There are two ways to look at this chart (below), which shows which type of mobile devices are actually used by shoppers on e-commerce web sites. On the one hand, Apple’s iPad and iPhone devices are hugely dominant in mobile shopping. But on the other, Apple is slowly losing share.
We got the data from Monetate, which tracks e-commerce data. We stripped out all other device makers from the data — but you can take it as read that non-Apple market share belongs mostly to Android devices:
The columns represent iPad and iPhone’s share of all tablets and phones being used for shopping, respectively (which is why the percentages add up to more than 100).
As you can see, Apple has high-class problems. The iPad basically created online tablet shopping, so it is not surprising that it once owned nearly 100% of all online shoppers. Cheaper Android tablets have come along and, over time, have eaten a small amount of market share, about 15%. You could say that for Apple to retain an 86% share after three years of competing with every other device-maker on the planet is proof that Apple hasn’t missed a step.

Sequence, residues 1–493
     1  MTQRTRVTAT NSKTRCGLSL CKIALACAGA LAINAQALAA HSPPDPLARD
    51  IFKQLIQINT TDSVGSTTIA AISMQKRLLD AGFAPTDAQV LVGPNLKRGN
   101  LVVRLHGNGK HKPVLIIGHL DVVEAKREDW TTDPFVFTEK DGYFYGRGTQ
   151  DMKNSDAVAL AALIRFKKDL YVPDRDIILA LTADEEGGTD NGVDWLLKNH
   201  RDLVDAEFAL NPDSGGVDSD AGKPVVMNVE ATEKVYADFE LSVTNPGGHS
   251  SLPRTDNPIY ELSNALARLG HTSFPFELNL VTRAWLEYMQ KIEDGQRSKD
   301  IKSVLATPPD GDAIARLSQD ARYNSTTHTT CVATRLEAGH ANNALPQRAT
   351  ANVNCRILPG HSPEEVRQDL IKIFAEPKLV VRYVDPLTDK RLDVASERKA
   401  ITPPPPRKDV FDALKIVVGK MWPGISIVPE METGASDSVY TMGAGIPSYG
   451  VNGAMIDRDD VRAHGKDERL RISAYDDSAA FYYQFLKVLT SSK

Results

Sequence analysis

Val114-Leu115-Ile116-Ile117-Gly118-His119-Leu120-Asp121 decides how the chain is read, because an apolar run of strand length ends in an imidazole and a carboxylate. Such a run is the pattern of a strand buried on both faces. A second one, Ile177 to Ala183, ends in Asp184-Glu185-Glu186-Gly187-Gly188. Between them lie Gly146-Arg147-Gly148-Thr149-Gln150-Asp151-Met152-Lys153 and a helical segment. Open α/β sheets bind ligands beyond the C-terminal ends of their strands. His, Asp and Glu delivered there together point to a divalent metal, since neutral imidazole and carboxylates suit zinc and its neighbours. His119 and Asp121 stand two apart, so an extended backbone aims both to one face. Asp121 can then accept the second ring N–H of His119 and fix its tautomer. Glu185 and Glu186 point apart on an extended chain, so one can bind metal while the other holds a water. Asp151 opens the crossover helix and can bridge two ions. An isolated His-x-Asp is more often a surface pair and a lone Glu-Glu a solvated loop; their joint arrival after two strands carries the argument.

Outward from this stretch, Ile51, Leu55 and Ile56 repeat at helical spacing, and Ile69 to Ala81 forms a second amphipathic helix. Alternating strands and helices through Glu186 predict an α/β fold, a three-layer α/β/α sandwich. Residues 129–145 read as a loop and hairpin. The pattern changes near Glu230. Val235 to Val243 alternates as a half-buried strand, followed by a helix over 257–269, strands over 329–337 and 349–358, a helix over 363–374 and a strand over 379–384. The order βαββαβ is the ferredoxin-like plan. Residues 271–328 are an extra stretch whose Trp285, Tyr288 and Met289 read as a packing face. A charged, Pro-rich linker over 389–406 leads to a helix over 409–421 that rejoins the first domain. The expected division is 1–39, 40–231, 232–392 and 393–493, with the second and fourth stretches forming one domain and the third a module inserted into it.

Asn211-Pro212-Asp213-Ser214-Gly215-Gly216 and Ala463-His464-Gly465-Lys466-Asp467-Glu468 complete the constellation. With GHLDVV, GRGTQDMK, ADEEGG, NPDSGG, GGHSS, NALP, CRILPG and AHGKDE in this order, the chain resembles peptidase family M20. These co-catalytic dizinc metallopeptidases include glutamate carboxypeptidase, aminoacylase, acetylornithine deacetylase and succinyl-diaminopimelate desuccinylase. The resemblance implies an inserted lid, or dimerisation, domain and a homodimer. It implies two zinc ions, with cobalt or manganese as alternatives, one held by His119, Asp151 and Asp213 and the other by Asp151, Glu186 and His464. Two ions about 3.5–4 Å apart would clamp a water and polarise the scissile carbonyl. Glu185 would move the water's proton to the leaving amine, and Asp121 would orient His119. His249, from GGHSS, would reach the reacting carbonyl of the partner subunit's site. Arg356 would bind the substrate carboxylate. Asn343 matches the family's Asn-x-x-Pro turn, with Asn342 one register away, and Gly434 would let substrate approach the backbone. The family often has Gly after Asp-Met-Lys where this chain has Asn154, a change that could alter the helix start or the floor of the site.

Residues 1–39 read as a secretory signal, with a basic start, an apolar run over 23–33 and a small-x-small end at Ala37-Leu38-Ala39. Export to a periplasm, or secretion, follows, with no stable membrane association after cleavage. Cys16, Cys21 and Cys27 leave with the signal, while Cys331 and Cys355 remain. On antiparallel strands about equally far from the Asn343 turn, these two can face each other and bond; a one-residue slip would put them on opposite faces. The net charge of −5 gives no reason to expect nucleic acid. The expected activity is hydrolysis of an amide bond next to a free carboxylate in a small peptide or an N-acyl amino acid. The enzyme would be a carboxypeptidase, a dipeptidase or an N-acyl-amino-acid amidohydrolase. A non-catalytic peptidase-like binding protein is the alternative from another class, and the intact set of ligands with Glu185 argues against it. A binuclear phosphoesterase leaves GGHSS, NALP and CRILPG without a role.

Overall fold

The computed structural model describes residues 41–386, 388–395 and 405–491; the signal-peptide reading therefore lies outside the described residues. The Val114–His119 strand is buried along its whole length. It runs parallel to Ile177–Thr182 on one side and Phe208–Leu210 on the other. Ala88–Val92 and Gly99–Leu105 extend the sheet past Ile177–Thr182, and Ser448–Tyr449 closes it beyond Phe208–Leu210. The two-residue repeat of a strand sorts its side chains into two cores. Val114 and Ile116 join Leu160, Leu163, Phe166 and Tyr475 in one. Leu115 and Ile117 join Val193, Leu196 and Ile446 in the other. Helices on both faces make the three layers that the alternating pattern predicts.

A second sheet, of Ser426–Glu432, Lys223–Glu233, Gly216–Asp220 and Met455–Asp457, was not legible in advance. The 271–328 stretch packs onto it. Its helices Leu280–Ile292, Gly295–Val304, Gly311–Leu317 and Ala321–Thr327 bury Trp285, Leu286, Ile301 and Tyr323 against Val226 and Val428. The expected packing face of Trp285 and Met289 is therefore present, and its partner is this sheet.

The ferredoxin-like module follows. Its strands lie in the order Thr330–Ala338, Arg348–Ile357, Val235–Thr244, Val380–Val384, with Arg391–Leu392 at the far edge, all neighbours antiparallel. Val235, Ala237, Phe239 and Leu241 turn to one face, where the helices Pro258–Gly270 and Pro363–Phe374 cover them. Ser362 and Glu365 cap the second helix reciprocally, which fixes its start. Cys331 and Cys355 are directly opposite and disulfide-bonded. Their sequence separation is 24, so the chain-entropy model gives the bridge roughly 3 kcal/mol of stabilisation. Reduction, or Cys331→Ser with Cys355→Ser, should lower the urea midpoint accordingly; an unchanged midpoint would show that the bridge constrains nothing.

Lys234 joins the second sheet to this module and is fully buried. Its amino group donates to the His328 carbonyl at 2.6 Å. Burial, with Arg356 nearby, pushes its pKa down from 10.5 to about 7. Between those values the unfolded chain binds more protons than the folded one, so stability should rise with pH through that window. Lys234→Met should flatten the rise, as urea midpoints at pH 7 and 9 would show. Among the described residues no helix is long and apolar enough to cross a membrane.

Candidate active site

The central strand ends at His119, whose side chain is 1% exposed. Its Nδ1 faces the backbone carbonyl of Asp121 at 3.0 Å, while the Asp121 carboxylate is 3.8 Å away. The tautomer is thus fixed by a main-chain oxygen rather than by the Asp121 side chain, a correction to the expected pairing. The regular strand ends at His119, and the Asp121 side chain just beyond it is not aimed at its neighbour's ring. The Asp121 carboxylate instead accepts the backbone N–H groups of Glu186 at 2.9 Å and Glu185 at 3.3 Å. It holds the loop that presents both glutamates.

But then there is the iPhone. At one point it looked as if iPhone would become THE phone shopping device. It once claimed more than 60% of the market. Recently, however it has sunk back to just over 58%.
Note, however, the pattern in iPhone market share: It takes a jump after Q4, when Apple usually releases a new iPhone. iPhone share has sunk since the release of the iPhone 5S and 5C, and Samsung’s big-screen Galaxy S5 and Note phones are much easier to go shopping on than the iPhone is.
So this chart possibly implies that Samsung and other large-format Androids have done real damage to Apple’s share of the e-commerce environment on phones since Q1 2013, Apple’s peak.
In fall, Apple will release iPhone 6, with a big new screen. It is expected to contain enhancements to Touch ID and iBeacon, Apple’s gigantic new e-commerce/brick-and-mortar retail effort. (Suddenly, Apple’s new attention to online shopping makes a whole lot of sense!)
So you can expect Apple’s share to get a boost in Q1 2015. If that doesn’t happen, you’ll know Samsung et al. have actually done real damage to Apple.
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